Ecosystem of Distrust

25 Pages Posted: 26 Apr 2018

See all articles by Mark Verstraete

Mark Verstraete

UCLA School of Law

Derek E. Bambauer

University of Florida Levin College of Law

Date Written: March 30, 2018


The Internet has famously democratized the information ecosystem. Online, everyone is a pundit: each participant can share news, analyze events, and opine. The analog system, by contrast, was one where incumbent intermediaries (frequently licensed by governments) performed a powerful, centralized gatekeeping function that largely regulated the creation and dissemination of news. Scholars have mostly welcomed the rise of the democratized, networked Fourth Estate. We argue that this transformation is not at all an unalloyed good. Moreover, in celebrating this technological revolution, commentators have neglected the role of cultural factors that tend to magnify the pernicious effects of a flattened information hierarchy.

Distrust in social institutions has been on the rise since the Watergate crisis in the 1970s. While government has been the most obvious target of falling confidence, media entities and subject matter experts have also been increasingly the focus of skepticism. The advent of the Internet has magnified this effect: gatekeepers such as CBS and the New York Times are vilified when wrong and invisible when correct. Many eyes make media errors shallow. Moreover, traditional journalistic norms that require forthright admission of mistakes help reinforce narratives that portray the “mainstream media” as biased, incompetent, and out of touch.

The current phenomenon labeled as “fake news,” and the older trend of conspiracy theories, are outgrowths of both the technological amplification of skeptical or nihilistic voices and the postmodern assault on information shibboleths. It is critical to realize that the Internet’s initial promise of disintermediation was illusory: gatekeepers have not been eliminated, but merely replaced. The new breed of intermediaries operates with radically different financial incentives and professional norms than their predecessors did. While Facebook moderates and removes information on its ubiquitous platform for violations of amorphous community standards, the company’s goal is not the production of truth, but rather the generation of increased traffic and interaction by users. Falsity can be profitable if it’s popular. Both the old and new bosses curated content, but to vastly different ends.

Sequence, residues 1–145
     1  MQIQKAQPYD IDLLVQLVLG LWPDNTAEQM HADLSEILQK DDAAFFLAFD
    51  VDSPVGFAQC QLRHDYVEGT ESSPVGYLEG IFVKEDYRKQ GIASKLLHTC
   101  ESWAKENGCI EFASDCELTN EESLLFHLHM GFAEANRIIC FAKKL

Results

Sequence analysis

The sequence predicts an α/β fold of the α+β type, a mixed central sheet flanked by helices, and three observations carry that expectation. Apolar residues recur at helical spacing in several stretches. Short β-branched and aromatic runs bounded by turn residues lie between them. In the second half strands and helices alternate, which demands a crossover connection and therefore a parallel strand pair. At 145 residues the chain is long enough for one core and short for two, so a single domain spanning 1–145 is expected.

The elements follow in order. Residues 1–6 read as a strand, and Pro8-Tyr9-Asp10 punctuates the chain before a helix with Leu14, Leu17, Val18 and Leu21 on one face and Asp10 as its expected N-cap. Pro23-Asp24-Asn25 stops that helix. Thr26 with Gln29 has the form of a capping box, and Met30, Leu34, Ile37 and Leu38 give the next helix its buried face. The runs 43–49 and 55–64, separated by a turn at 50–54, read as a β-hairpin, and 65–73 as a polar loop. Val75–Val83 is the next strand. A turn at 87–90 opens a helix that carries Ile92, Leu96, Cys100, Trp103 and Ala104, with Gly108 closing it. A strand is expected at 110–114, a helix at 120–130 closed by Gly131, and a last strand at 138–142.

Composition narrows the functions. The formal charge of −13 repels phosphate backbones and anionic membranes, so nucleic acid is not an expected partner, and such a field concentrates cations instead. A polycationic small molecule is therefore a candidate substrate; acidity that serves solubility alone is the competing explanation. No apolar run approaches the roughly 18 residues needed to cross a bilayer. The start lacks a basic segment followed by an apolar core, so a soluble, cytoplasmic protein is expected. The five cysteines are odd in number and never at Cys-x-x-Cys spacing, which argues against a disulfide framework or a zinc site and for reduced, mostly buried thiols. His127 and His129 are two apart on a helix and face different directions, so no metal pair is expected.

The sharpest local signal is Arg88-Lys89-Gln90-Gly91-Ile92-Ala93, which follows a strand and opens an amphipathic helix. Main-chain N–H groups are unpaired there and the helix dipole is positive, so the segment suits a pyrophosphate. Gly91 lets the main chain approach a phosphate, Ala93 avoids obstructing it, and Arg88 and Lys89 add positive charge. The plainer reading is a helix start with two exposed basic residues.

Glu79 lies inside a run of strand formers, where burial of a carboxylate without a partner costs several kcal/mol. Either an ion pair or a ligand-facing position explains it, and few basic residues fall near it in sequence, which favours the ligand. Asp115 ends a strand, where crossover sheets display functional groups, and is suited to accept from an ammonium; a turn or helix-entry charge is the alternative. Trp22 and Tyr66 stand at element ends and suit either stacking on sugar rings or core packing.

We argue that the new architecture of networked information has a structurally corrosive effect. It is easier to generate doubt about narratives — even those produced by previously trusted sources — than it is to create trusted content. Previously, intermediaries served as choke points: they reacted to incentives that led them to filter unreliable material, in order to preserve their status as creators of the historical record. Now, authors and distributors attract attention (which they monetize) by casting doubt. The most pernicious feature of the Internet news ecosystem is that it leads to a cascade of cynicism: it reinforces not just skepticism about a particular course, but distrust for all media production.

Importantly, current scholarly accounts of fake news and conspiracy theories are technologically overdetermined. The democratization of information flows by networked computing cannot fully account for the spread of fake news and the distrust of established media more generally. We argue that cultural factors are neglected causes of these phenomena. First, the technological transformation of the public sphere is accompanied by a social shift toward pervasive distrust of experts. This anti-intellectual turn both constitutes and is constituted by the spread of fake news. Second, while fake news has taken a stronger hold in America than in Europe, the technical systems that undergird the information economy are nearly identical on both sides of the Atlantic. Thus, we explore the non-technical factors that make the United States particularly amenable to the spread of fake news and a culture of media distrust.

Keywords: Disintermediation, Fake News, Professional Norms, Journalistic Norms, Facebook, Cultural Factors, Anti-Intellectual

Suggested Citation

Verstraete, Mark and Bambauer, Derek E., Ecosystem of Distrust (March 30, 2018). 16 First Amendment Law Review 129 (2018), Arizona Legal Studies Discussion Paper No. 18-17, Available at SSRN:

Mark Verstraete

UCLA School of Law ( email )

Derek E. Bambauer (Contact Author)

University of Florida Levin College of Law ( email )

P.O. Box 117625
Gainesville, FL 32611-7625
United States
3522730957 (Phone)

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